The point about this is that on the way home the roads were hoaching with deer. From the first one that ran across the road in front of us coming out of Plockton to Fort George at least, we must have seen about 30 of them all on the roadside or on the road itself (in the dark they would be impossible to see any further away). Indeed Jamie who is a very good but fast driver nearly ran into one as we came round a blind corner. A disconcerting experience in the passenger seat as he swerves past a deer whose head passes within a couple of feet of where I am sitting. Shortly after that we came across 2 separate groups crossing the road the leader of one of whom was extremely pernicity about her prior right of passage.
A distinctly interesting experience. I am sharing this partly because I know that a very high proportion of my readers are from overseas & if you want to see deer in the wild this is the place and the time to do so. We drove up the same road in the morning & while it was possible to see literally for miles saw none yet during the night they are all over the road. I assume that grass verges taste better than cropped grass since they were certainly congregating there.
Tuesday, May 29, 2007
Proposed windmill sites in Scotland.
And it still won't provide anything more than intermittent power so we need virtually 100% back up from new coal & gas generators as well. Since you need about 1300 windmills to produce 1 gigawatt we will need about 5,000 windmills which would be 20 per dot.
"In reality, the scientific basis for the protocol is fairly weak," Federation Council Speaker Sergei Mironov told a crowded opening session of the two-day conference Thursday, which drew more than 200 environmental experts and carbon market participants from around the world. "In the opinion of many experts, the emission of carbon dioxide into the atmosphere does not have any effect on the climate."So with this farce now rejected by Russia, America, China, India & with Japan keeping its head down the isolation of the sceptics means they are all isolated from the EU (excluding the Czechs) & ..... well that's about it.
In fact, a process of "global cooling" is now taking place, Mironov argued ...
....Most troubling for some of the delegates was the news that the event's chief organizer was not allowed into the country Wednesday.
Jorund Buen, the director of Point Carbon, a leading carbon emissions consultancy, had to fly back to Oslo from St. Petersburg after experiencing "a slight visa problem," said Christian Sommer, the Point Carbon analyst who addressed the conference in his place. "We had our Kiev office on the phone all night trying to find a solution," said another Point Carbon associate. "Mr. Buen was very upset."
The mood of the event never seemed to recover from the government's apparent snubs.
"It was clear at that point what the message was," said Martin Kruska, director of 3C Group, a climate change consultancy based in Frankfurt, Germany. "We might as well go home."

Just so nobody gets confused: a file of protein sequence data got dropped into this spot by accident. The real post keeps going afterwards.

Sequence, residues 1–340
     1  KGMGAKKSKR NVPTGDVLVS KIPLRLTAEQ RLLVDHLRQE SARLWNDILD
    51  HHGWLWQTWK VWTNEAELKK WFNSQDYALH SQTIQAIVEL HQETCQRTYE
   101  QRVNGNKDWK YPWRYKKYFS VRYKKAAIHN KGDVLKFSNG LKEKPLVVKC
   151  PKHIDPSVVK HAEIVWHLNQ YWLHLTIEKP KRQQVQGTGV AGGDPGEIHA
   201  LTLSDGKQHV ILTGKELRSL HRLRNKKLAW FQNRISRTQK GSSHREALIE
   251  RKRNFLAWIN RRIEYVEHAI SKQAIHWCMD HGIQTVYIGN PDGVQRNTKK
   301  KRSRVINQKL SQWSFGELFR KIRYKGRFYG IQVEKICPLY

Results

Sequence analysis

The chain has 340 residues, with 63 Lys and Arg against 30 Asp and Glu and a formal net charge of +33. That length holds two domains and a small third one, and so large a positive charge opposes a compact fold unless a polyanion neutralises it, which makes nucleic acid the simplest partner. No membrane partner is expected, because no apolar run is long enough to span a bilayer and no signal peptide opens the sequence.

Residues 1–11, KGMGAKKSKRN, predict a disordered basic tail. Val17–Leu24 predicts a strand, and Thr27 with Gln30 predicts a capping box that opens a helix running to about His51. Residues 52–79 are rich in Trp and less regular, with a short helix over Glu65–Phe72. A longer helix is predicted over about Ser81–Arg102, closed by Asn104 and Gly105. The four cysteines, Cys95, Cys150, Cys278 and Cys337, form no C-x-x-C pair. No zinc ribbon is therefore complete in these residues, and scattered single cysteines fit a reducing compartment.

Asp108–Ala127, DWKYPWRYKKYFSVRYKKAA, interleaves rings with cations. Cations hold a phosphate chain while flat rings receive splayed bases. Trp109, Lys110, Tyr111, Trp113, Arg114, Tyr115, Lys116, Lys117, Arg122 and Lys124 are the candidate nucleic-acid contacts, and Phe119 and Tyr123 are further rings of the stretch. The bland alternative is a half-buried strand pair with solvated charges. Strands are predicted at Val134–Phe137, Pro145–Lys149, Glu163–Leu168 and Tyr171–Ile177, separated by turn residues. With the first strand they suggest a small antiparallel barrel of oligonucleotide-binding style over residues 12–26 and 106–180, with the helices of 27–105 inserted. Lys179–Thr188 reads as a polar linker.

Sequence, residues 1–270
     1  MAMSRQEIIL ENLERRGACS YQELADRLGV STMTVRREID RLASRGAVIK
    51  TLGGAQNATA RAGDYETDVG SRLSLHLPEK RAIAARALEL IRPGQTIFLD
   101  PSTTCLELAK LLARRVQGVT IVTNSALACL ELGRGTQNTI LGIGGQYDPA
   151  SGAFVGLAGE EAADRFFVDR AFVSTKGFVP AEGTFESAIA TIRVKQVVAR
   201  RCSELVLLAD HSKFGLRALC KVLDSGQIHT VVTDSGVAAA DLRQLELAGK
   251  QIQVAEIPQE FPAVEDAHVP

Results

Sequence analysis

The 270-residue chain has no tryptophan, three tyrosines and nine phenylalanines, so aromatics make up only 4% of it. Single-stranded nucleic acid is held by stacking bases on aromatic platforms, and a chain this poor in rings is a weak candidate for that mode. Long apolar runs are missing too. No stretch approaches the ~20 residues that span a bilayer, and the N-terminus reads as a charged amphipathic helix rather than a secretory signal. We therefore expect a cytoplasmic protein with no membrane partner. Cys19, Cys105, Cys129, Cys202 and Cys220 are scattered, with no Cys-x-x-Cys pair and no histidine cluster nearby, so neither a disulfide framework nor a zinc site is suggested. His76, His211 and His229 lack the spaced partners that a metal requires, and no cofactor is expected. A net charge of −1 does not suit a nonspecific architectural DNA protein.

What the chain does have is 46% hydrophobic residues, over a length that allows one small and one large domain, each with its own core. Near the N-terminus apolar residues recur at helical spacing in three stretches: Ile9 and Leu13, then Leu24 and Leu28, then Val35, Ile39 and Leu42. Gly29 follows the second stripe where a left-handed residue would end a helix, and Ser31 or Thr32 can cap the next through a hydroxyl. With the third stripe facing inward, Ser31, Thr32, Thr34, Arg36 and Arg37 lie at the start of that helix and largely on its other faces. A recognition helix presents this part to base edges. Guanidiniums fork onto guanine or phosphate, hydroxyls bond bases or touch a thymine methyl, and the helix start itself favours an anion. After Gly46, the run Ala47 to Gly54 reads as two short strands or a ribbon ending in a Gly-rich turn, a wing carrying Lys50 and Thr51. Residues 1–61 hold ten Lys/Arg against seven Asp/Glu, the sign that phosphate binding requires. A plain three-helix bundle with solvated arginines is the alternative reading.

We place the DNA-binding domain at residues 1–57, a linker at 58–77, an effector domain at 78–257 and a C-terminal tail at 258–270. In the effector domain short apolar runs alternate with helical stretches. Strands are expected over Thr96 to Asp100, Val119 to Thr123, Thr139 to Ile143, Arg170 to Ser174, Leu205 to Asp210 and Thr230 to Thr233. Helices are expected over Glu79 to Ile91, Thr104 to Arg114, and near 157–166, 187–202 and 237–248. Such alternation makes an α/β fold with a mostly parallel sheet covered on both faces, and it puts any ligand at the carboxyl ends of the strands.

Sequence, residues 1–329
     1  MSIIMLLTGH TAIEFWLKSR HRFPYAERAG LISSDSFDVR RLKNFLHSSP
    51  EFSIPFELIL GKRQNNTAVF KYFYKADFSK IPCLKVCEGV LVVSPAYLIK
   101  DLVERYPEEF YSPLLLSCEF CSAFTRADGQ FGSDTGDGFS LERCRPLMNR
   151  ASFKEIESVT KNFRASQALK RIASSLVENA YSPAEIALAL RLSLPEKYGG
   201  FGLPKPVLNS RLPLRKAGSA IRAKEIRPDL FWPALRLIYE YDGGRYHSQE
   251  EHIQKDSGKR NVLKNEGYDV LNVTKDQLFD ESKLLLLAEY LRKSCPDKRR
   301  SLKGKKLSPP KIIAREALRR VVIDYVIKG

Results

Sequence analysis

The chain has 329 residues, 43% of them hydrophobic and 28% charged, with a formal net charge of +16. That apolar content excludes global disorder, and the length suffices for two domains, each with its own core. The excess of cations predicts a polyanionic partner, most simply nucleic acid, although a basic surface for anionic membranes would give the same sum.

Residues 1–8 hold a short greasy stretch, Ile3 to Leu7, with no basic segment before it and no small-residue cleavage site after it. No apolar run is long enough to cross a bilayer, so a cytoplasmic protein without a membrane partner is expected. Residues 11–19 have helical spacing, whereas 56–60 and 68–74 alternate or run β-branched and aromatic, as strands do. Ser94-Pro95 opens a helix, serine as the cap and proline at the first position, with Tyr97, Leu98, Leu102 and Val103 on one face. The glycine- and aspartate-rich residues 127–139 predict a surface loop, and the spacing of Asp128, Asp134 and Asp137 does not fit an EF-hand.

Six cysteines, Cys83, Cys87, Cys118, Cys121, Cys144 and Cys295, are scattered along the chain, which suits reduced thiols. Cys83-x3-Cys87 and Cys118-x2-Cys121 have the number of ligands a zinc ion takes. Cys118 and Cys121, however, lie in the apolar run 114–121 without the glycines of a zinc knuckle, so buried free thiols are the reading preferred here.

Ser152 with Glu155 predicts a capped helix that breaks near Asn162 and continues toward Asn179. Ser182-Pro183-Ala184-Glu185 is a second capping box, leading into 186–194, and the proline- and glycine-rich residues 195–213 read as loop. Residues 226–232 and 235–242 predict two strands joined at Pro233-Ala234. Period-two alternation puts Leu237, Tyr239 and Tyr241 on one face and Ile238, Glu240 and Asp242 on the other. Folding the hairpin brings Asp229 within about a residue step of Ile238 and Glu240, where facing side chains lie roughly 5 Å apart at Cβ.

An interesting factor however is the coverage of this. As of today (it may improve) this has been reported by approximately zero British or European papers. Good to know our media can be relied on to maintain their normal level of balance. Had he warned that "global warming is more serious than previously believed" it would have been headline stuff.
"Jim Mather's recent letter (23rd May) said that nuclear was "neither wanted nor needed in Scotland" which is pretty clear - currently.
[However] in a recent speech his commitment to avoiding blackouts is even more clear, He asks for ideas without preconditions & absolutely opposes the option of not building sufficient capacity to replace our ageing generators [correctly describing that as "ridiculous". It seems to me that] if those who know make it clear that the alternatives ARE nuclear power or blackouts then, however reluctantly, the SNP would have to choose the former.
[They can, perhaps, put off the choice a few years by extending Hunterston's life but, since it takes a minimum of 4 years to build a reactor & Hunterston is due to close in 2011 this is merely stopping the clock at 5 to midnight.
It is the duty of those who know to say boldly that without new nuclear we ARE going to face the loss of 50% of our capacity. That massive blackouts & deaths will be inevitable. The SNP's door may not be open to nuclear but they have specifically committed themselves to not allowing blackouts. It is up to the supporters of nuclear to prove, at least beyond reasonable doubt that we cannot rely on windmills nor other renewables, mostly not even at the prototype stage to replace 50% of our power without a scientific breakthrough in storage capacity, in a few years. The difference between the 3% windmills provide & the 50% we are about to lose is so stark that there is little room now for doubt of a reasonable nature" ]